The contract prices of DRAM chips are to rise by as much as 18 percent sequentially this quarter — the first price upticks in about eight quarters — driven mainly by inventory rebuilding demand for DRAM chips used in mobile devices and PCs, TrendForce Corp (集邦科技) projected yesterday.
The price rebound is led by a quarterly increase of mobile DRAM chips, which are to climb between 13 percent and 18 percent quarter-on-quarter this quarter, which has not been seen since the fourth quarter of 2021, the Taipei-based market researcher predicted.
Likewise, the price of mainstream PC DDR4 DRAM is expected to bounce back for the first time in about two years at a quarterly pace of 9.6 percent this quarter, the researcher said, adding that the prices have plummeted 64 percent since the final quarter of 2021.
Photo: Bloomberg / Seong-Joon Cho
As the pickup remains lukewarm, TrendForce expects DRAM chipmakers to see scant growth in shipments this quarter. Additionally, the researcher has a conservative outlook for server DRAM chips, given that inventory continues to hover at a high level.
As a result, Samsung Electronics Co — the world’s largest memorychip maker — is to accelerate its capacity reduction this quarter by slashing mainstream DDR4 chip production by 30 percent to alleviate inventory pressure, TrendForce said.
Last quarter, the world’s major DRAM chipmakers saw their revenue increase 18 percent sequentially to total US$13.48 billion, benefiting from a gradual improvement in demand during the second half of this year, TrendForce said in a report yesterday.
Samsung registered 15.9 percent quarterly growth in revenue to US$5.25 billion, as the South Korean memorychip maker started cranking out its first new-generation 1-alpha-nanometer DDR5 chips, which delivered a price premium, the report said.
SK Hynix Inc, the world’s second-largest memorychip maker, enjoyed the strongest revenue growth of 34.4 percent sequentially to US$4.63 billion, supported by robust demand for high-bandwidth memory and DDR5 chips, which were mostly used in artificial-intelligence servers, the report said. SK Hynix has seen shipments rise for a third consecutive quarter beginning last quarter, with memorychip prices jumping 10 percent quarterly, it said.
US memorychip maker Micron Technology Inc reported a 4.2-percent growth in revenue to US$3.08 billion last quarter, attributable to shipment expansion, while it saw a mild decline in average selling price last quarter from the previous quarter.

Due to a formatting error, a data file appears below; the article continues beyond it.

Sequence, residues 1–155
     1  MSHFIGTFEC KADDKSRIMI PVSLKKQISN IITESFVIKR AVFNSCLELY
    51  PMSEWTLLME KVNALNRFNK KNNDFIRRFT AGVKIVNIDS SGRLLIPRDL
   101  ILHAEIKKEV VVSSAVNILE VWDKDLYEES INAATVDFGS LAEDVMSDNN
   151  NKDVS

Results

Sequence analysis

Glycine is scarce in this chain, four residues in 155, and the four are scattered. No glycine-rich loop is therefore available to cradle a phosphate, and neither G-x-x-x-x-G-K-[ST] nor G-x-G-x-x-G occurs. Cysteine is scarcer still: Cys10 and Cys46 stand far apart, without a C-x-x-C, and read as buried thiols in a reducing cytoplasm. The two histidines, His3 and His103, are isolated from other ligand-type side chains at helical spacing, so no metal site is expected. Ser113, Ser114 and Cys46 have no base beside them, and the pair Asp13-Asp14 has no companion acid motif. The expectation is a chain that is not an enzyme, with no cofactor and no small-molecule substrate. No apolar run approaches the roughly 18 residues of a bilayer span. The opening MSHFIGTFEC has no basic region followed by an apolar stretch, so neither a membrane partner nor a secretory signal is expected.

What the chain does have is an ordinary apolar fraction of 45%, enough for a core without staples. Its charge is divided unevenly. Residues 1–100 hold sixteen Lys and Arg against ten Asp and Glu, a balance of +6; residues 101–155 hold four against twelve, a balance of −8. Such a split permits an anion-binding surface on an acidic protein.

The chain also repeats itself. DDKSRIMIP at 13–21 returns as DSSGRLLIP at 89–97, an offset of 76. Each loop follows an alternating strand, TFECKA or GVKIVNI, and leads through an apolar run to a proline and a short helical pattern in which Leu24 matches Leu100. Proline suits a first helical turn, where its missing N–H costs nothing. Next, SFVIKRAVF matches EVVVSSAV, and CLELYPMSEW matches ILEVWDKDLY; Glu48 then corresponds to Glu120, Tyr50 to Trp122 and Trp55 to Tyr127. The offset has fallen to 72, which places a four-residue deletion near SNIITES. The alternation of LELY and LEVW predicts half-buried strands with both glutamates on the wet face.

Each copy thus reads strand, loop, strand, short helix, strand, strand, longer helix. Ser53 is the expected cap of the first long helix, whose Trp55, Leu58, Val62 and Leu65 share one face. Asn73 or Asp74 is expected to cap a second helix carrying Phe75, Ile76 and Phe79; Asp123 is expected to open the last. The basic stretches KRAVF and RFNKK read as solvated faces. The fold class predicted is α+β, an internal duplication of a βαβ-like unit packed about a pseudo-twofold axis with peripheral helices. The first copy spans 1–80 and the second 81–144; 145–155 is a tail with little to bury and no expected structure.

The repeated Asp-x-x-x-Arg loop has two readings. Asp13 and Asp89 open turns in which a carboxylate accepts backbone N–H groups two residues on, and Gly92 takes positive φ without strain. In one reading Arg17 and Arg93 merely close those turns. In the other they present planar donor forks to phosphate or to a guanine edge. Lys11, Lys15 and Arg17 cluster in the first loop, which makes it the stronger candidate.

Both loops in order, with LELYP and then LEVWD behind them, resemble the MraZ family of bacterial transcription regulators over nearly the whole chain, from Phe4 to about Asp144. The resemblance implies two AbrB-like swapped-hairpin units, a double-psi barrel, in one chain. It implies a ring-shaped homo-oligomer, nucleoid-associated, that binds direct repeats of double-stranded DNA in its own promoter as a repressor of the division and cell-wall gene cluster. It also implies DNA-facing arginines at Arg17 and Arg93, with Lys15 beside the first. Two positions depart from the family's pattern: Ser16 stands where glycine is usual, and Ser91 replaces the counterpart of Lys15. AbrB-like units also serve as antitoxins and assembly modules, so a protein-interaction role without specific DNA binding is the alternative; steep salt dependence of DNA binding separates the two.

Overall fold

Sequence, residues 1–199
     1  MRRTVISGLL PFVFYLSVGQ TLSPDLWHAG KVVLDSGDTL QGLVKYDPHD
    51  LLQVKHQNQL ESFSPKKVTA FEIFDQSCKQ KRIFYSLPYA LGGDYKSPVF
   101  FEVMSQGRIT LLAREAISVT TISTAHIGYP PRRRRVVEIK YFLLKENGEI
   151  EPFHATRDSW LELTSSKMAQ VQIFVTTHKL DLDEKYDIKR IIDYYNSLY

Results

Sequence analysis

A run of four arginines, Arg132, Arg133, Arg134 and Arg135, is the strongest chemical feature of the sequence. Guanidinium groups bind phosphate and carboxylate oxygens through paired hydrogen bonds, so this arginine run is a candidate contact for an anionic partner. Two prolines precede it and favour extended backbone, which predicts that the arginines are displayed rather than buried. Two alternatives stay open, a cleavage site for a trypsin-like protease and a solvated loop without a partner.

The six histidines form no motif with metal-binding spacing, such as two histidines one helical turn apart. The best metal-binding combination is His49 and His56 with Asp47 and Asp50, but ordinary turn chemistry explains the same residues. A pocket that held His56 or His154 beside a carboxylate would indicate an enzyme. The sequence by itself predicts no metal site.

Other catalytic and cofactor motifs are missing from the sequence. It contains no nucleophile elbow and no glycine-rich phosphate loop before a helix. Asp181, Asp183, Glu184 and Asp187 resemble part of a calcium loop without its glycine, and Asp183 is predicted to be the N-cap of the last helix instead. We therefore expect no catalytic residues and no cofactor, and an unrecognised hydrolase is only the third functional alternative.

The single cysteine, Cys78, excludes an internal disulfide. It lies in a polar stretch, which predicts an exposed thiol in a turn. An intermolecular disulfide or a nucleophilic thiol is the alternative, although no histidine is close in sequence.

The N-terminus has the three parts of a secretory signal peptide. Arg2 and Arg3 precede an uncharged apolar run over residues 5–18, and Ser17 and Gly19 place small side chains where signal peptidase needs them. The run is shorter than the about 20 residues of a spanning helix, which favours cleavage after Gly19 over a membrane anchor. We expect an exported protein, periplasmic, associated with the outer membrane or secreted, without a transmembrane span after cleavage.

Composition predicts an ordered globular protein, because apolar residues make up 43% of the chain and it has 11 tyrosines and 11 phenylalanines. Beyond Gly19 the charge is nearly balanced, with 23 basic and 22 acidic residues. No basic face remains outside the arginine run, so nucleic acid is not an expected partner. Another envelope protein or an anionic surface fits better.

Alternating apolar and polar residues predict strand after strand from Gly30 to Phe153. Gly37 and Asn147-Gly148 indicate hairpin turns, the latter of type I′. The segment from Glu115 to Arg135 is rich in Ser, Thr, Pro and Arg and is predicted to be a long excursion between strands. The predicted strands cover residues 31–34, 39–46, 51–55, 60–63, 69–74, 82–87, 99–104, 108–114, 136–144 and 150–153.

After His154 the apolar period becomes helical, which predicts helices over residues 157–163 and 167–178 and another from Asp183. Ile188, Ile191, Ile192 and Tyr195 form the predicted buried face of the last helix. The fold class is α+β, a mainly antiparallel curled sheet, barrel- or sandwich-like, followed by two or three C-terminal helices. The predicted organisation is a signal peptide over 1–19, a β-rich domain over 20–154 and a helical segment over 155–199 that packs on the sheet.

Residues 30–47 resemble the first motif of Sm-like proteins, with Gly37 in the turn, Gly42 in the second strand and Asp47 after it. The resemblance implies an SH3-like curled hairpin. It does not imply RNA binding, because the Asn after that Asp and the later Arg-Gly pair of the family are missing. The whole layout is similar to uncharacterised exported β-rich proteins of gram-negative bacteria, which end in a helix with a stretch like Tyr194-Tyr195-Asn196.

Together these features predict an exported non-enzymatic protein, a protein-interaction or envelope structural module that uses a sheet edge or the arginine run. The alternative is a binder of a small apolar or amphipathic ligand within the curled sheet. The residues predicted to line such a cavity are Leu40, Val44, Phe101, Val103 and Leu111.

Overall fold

Taiwan’s Nanya Technology Corp (南亞科技) saw revenue grow 10 percent quarterly last quarter to about US$244 million, thanks to shipment increases at a quarterly rate between 17 and 19 percent due to improving PC DRAM demand. However, demand for its major DDR3 and DDR4 products remained sluggish last quarter, as prices for these chips extended in a downward trend from the previous quarters.
Winbond Electronics Corp (華邦電) and Powerchip Semiconductor Manufacturing Corp (力積電) saw their DRAM revenue sequentially rise 13 percent and 4.4 percent respectively last quarter, TrendForce said.
Taiwan Semiconductor Manufacturing’s (TSMC, 台積電) first wafer fab in Kumamoto, Japan is still set to launch commercial production in the fourth quarter of this year as planned, the world’s largest contract chipmaker said on Saturday in response to reports that mass production might begin ahead of schedule. TSMC said the monthly production capacity of the joint venture fab, Japan Advanced Semiconductor Manufacturing (JASM), is expected to hit 55,000 units of 12-inch wafers, using the mature 12-nanometer, 16-nanometer, 22-nanometer and 28-nanometer processes. JASM is owned by TSMC and its Japanese business partners Sony Semiconductor Solutions Corp and Denso Corp, with the Taiwanese company
US President Joe Biden’s administration is in talks to confer more than US$10 billion in subsidies to Intel Corp, people familiar with the matter said, in what would be the largest award yet under a plan to bring semiconductor manufacturing back to US soil. Intel’s award package is expected to include both loans and direct grants, the source said. They stressed that negotiations are still under way. The US Department of Commerce and Intel declined to comment. The incentives would come from the 2022 Creating Helpful Incentives to Produce Semiconductors (CHIPS) and Science Act, which set aside US$39 billion in direct grants as
A new artificial intelligence (AI) tool that promises to create short videos from simple text commands has raised concerns along with questions from artists and media professionals. OpenAI, the creator of ChatGPT and image generator DALL-E, on Thursday said it was testing a text-to-video model called “Sora” that can allow users to create realistic videos with simple prompts. The San Francisco-based start-up said that Sora can “generate complex scenes with multiple characters, specific types of motion, and accurate details of the subject and background,” but added that it still has limitations, such as possibly “mixing up left and right.” Examples of Sora-created clips
Super Micro Computer Inc’s lengthy rally came to a shuddering halt on Friday, with a selloff that derailed what had looked to be the server maker’s best week on record. Shares fell 20 percent, their biggest one-day percentage drop since August last year. The decline comes in the wake of a nine-session run of gains, the longest such streak for the stock since 2016. However, even with the day’s selloff, the stock rose 8.5 percent for the week. Despite Friday’s drop, recent gains show how Super Micro has become one of the hottest names in artificial intelligence (AI). The stock has risen